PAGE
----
I’ve just returned from a couple of days in Orlando, where I attended the Disney Data and Analytics Conference. (The annual conference is aimed primarily at Disney employees but is also open to outsiders, and it has been running for more than 15 years.) In many ways, Disney is the gold standard in creating travel experiences that inspire loyalty from fans around the globe, and analytics play a huge role in that success. Here are my top three takeaways from the conference:
- Analytics success may be more about adoption than cutting-edge tools and techniques. One thing that struck me was that the Disney presenters went beyond the usual conference fare of cutting-edge techniques using the latest and greatest technologies. Instead, much of what was discussed (at least in an open forum) was more basic, such as an introduction to machine learning. The presenters also consistently talked about not just sponsors for their work, but the other roles and teams that would be impacted by their recommendations and making sure they were engaged in the analytics process in appropriate ways. Overall there was a theme of engaging stakeholders and addressing change management and adoption issues—topics that often are ignored at other conferences.
- Scale matters. Roughly two-thirds of the conference’s 1,500 attendees were Disney employees. That’s right, Disney brought about 1,000 people from all over the world to this conference from every business unit in the company: parks, cruises, ABC, ESPN and so on. They came from all functions, not just analytics but also IT, operations and line of business. Disney is clearly investing in analytics on a scale that few other companies can match, and they’re bringing analytics to every corner of their business by teaching analytics best practices to employees across its divisions and companies.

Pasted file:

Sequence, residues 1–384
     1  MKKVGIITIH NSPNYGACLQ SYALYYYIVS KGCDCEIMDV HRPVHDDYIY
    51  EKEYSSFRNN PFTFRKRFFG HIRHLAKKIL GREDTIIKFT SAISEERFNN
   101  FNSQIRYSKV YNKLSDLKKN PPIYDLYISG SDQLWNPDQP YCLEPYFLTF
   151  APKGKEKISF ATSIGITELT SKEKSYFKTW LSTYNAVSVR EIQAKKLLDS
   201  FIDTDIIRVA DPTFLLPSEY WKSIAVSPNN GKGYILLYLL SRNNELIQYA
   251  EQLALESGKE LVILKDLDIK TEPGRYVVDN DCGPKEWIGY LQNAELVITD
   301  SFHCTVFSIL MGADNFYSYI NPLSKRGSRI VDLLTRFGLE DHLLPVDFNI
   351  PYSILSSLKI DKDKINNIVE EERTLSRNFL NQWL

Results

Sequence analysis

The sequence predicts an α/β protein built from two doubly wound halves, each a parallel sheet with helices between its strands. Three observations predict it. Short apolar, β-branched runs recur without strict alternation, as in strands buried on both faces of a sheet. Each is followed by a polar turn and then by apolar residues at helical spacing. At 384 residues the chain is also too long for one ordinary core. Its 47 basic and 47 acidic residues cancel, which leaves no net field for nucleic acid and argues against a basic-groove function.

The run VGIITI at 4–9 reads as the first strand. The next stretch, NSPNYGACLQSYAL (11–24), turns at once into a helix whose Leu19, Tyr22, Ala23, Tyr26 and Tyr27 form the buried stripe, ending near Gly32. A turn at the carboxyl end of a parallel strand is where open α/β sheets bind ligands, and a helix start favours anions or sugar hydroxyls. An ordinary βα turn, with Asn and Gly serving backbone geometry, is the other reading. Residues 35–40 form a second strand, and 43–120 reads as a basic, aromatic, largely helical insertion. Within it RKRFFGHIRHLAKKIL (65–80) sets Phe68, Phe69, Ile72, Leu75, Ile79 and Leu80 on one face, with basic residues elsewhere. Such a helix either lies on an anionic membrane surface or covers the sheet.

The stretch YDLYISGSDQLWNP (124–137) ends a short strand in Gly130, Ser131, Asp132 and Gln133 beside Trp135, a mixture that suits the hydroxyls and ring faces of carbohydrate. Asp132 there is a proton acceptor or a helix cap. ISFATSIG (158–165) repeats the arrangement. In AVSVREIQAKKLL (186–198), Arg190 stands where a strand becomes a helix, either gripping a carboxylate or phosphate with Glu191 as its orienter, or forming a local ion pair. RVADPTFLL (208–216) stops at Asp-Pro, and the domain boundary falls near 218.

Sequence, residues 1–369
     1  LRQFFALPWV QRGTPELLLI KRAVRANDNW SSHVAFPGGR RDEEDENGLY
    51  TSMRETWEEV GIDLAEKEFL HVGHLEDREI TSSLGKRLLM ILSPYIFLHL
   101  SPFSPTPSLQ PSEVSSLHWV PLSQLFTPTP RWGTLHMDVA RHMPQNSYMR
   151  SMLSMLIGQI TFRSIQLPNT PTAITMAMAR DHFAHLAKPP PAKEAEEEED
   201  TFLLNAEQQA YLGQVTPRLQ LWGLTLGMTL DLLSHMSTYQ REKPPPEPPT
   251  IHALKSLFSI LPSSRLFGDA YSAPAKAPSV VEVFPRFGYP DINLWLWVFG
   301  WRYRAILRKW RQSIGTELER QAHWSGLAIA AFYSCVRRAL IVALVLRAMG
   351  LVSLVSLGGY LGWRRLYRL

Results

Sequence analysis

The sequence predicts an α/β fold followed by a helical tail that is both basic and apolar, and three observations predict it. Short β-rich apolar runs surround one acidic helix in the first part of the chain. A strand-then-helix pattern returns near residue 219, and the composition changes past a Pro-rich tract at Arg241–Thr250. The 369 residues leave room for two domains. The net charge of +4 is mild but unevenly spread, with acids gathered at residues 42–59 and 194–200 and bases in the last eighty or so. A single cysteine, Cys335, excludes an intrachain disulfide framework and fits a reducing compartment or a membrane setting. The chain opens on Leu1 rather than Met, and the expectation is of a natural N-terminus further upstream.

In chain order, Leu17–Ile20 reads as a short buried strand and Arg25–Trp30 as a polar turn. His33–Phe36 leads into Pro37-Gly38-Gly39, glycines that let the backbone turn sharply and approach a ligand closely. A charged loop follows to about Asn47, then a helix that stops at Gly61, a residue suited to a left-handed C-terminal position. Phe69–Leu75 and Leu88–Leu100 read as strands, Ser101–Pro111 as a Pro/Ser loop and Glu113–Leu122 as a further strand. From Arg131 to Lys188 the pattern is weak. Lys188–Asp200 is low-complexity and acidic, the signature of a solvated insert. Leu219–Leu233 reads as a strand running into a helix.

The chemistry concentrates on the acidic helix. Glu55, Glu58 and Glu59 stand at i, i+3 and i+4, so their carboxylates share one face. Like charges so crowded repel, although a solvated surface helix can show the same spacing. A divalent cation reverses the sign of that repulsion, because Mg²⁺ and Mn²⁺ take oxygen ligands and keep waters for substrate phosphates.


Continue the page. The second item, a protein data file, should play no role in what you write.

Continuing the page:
- Invest in your people. Winning with talent is about more than just hiring for the right skills. As a highly sought-after employer, Disney can attract a lot of talent. But Disney goes well beyond hiring people with the right skills. The company invests in its people, and this conference is a prime example of that. Disney also has a diverse group of people in analytics across age, ethnicity and gender. I had never seen an employee group focused just on women who do analytical work before, but Disney has one. Finally, the company provides autonomy for even junior people to spend a portion of their time investigating business issues they encounter where there could be an analytical solution. One of the sessions focused on how two relatively junior analysts ended up optimizing delivery schedules after doing a side project to see if there was business value to be gained from improving the schedules.
By taking a cue from Disney and integrating some of these tactics into their own analytics operations, other travel and transportation marketers can not only get the most out of their analytics, but also put themselves on the road to inspiring some of the same loyalty from customers—and their employees.